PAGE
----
It seems like a persistent continuation would have to be very dependent on the exact version of both your application and the language it's written in - you've got all this implementation-dependent stack-frame stuff in your data format. When you deploy version 2 of your code, how do you upgrade all your persistent version 1 continuations? An explicit data format has the advantage that you know when you're breaking backward compatibility and can provide some kind of migration.

Serialization in Java at least provides some hooks for migration, but it's still implicit enough that people often forget that they have to handle migration when changing a field.

Usually the continuation data

Usually the continuation data in a continuation based web server is not long lived and tends to expire in a reasonably short time anyway. When upgrading, it is often the case that all the continuations are manually expired forcing a reload. When upgrading the application in areas where data needs to be long lived, I would not store that session data in the continuation but elsewhere (like the database).

Continuations sent to the client

Some actually encode the continuation and send it to the client

That sounds like the right way to do it. I've never heard of that before. Which implementations do this?

It has pros and cons like everything...

I believe the paper "Automatically Restructuring Programs for the Web" discusses this approach (,

The problems you face with this approach are:

1) The size of the continuation can make the data transferred to the client reasonably large.
2) The data needs to be encrypted to prevent the client from manipulating it. This can have performance/size impacts as well.
3) Bookmarking is problematic.

The average size of a serialized continuation in the Scheme server I work on is about 40Kb. This is uncompressed. It gzips to about 12Kb with not much noticeable speed degradation on resuming it. So it would certainly be possible to store in a hidden field on the client.

Another disadvantage would be the difficulty in 'bookmarking' a page. By giving each page a unique URL identifying the continuation it allows the user to bookmark it and resume computation from that point at any time. This can be quite a useful feature. It allows Haystack style 'User interface continuations' where you partially fill in a form with common information, fork the window or bookmark it, and continue from that point numerous times to fill in the non-common information.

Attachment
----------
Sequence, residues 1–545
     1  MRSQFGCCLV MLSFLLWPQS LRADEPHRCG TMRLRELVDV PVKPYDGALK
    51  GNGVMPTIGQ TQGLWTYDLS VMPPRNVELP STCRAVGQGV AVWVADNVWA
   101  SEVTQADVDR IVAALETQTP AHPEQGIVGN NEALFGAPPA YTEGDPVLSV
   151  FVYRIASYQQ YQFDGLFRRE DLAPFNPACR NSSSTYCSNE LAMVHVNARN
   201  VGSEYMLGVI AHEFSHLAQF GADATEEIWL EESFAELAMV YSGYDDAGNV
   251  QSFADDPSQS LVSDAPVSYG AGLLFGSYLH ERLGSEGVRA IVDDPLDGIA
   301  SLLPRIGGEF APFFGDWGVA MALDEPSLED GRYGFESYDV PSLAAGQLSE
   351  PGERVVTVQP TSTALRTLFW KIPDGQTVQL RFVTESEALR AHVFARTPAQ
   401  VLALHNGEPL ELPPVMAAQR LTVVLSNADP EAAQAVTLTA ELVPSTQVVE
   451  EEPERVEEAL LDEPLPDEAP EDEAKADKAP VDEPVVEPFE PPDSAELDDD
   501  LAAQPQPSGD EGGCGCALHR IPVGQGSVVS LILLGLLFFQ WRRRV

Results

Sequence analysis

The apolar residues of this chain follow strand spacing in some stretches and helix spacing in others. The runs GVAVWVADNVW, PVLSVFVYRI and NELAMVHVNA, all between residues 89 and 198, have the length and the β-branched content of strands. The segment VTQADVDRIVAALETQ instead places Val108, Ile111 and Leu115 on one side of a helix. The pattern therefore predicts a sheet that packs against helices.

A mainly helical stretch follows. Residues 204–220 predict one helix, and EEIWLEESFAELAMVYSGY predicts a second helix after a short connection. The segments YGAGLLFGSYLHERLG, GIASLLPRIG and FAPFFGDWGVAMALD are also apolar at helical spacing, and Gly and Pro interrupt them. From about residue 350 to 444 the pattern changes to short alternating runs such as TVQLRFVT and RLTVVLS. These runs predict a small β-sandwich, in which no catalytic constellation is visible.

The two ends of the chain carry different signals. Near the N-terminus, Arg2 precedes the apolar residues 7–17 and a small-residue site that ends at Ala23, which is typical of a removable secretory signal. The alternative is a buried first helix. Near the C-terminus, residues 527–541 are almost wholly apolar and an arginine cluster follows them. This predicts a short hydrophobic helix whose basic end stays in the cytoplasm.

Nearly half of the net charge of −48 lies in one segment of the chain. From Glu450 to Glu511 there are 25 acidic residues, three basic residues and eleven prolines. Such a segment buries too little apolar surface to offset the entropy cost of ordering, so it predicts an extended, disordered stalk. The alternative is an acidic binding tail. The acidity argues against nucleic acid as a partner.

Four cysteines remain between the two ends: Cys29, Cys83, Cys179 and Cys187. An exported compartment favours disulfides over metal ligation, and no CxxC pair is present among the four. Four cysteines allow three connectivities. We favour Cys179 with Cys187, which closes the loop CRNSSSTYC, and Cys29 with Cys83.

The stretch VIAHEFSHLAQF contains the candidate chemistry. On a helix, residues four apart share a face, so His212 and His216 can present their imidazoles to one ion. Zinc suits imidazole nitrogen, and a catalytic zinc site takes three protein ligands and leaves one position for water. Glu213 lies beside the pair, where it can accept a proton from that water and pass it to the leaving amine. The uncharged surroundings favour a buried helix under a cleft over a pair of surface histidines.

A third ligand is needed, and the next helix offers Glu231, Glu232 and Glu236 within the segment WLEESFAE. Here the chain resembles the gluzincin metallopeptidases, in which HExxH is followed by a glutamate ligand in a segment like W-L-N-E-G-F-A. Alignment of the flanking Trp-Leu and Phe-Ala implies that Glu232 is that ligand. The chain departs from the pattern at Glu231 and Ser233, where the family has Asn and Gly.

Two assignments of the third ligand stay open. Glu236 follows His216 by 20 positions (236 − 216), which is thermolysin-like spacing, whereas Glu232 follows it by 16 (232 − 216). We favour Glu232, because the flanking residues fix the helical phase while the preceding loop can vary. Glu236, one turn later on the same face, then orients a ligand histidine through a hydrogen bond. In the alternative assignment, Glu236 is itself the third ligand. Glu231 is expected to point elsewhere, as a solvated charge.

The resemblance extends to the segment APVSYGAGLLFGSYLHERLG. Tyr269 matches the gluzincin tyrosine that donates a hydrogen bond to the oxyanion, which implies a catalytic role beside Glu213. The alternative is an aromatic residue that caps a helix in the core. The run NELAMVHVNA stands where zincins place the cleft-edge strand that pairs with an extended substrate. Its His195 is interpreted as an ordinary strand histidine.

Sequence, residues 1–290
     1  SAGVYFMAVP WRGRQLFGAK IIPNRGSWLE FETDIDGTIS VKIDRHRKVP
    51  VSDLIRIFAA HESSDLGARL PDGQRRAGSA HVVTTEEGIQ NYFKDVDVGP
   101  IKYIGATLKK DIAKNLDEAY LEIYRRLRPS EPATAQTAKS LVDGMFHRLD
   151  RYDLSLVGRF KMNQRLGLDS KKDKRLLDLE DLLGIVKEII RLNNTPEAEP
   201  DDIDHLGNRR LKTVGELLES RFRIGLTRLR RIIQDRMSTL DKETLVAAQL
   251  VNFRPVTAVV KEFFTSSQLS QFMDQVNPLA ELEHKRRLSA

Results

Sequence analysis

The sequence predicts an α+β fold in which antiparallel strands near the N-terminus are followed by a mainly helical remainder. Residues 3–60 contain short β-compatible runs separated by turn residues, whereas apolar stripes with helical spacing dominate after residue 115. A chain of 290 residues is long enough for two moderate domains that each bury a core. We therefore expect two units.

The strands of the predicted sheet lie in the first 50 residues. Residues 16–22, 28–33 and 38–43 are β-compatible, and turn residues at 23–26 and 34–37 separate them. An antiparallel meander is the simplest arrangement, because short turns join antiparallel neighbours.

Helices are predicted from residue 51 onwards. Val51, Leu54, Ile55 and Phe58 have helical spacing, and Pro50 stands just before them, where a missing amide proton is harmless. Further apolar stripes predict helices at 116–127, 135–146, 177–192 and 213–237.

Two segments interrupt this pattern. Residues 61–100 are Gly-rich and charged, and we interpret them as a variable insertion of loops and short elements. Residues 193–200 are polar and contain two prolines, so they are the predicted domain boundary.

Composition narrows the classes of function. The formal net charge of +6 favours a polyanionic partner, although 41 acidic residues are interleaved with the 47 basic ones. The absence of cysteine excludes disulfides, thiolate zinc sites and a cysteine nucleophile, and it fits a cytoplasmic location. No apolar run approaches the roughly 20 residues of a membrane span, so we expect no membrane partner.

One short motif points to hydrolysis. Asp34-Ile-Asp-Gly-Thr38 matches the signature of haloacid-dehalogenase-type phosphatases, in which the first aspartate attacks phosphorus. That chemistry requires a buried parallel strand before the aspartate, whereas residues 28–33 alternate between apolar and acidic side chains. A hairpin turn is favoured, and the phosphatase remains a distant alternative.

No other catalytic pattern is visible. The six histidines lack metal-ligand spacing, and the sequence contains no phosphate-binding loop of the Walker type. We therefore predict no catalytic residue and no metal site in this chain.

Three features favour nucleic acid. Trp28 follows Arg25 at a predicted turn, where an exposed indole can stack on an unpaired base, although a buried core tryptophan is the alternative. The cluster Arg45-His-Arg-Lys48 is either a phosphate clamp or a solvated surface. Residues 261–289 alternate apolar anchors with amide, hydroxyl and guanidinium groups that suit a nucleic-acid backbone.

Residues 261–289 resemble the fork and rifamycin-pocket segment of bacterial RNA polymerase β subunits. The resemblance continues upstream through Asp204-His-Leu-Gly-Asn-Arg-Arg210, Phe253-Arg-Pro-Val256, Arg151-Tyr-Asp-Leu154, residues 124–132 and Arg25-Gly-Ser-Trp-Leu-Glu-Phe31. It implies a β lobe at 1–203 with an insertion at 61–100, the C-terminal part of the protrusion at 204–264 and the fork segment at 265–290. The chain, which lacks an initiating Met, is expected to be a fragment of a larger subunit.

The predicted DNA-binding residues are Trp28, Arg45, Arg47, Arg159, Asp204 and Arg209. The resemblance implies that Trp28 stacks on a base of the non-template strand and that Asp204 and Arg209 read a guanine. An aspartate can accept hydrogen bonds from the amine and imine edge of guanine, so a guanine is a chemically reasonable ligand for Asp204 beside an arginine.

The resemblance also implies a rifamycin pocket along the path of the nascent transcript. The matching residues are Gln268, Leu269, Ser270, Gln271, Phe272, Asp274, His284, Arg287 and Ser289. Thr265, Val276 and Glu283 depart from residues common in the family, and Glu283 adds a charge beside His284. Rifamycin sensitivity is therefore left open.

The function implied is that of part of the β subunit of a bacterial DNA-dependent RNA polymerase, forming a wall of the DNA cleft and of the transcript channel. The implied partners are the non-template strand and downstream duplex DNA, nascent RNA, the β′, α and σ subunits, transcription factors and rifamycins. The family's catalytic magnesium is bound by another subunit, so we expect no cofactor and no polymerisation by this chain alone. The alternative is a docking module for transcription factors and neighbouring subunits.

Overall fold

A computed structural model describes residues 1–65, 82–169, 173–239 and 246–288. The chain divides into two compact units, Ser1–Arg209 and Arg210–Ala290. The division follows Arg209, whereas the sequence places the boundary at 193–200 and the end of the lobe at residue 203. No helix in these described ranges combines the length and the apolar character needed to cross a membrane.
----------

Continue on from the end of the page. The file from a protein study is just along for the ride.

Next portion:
The big win is not having to store state on the server making things quite a bit simpler in that regard.

Bookmarking vs. saving

Bookmarking is problematic.

If you think of a URL as a variable, and a page served for the URL as the variable's value, then the web is an imperative (and concurrent) language, since the page associated with a URL can be updated. In such a language, you need to distinguish between computations which depend on variables and ones which depend on values.

Bookmarking lets depend on a URL; to depend on the value, you have to save the page. In this case, I think saving the page is more appropriate, don't you?

The approach of storing state in the URL is a bit like writing imperative code in a pure functional language; you emulate an updateable variable with a sequence of functional variables. But it seems this is doomed to failure, anyway, since the page associated with a URL is bound to change sometime, for example if the site moves or is abandoned.

So in the end the only way to be sure is to save the page.

Just to be pedantic

the page associated with a URL is bound to change sometime, for example if the site moves or is abandoned.

Though, unlike a variable,
the URN will be globally unique forever, and may well be used as a reference to a resource well beyond the lifetime of the resource it identifies or of any naming authority involved in the assignment of its name, URLs do not have such semantics.
A URL identifies the location or a container for an instance of a resource identified by a URN. The resource identified by a URN may reside in one or more locations at any given time, may move, or may not be available at all.

For example, does not work anymore (it used to be a URL for "Functional Requirements for Internet Resource Locators").

So URNs are like values, while URLs are like variables.

[on edit: URNs are not the values refered by URLs. They are, eh, names resolved to variables (URLs) given the scope. This language looks to have a dynamic scoping...]

The Tube

As part of his PhD thesis on "The Tube", David Alan Halls explored stateless servers, where continuation data is stored as a hidden field in the forms sent to a web client.

haskell wash

Does Wash (Haskell) count as a continuation based web framework? The updowncounter example given in the wash documentation looks similar to an example given in the seaside documentation.

For web applications rather than web sites

Continuation based web systems tend to be used more for web applications rather than web sites. Things where the control flow can be more complicated than usual. The ability to write the code so that it is in a natural imperative style can be a win for these cases. The data stored in the continuation is usually 'transient' or temporary and eventually gets committed to the database or persistent storage. It should be data that is not critical if it is lost, expired, or otherwise discarded (ie. the user can restart the session if needed).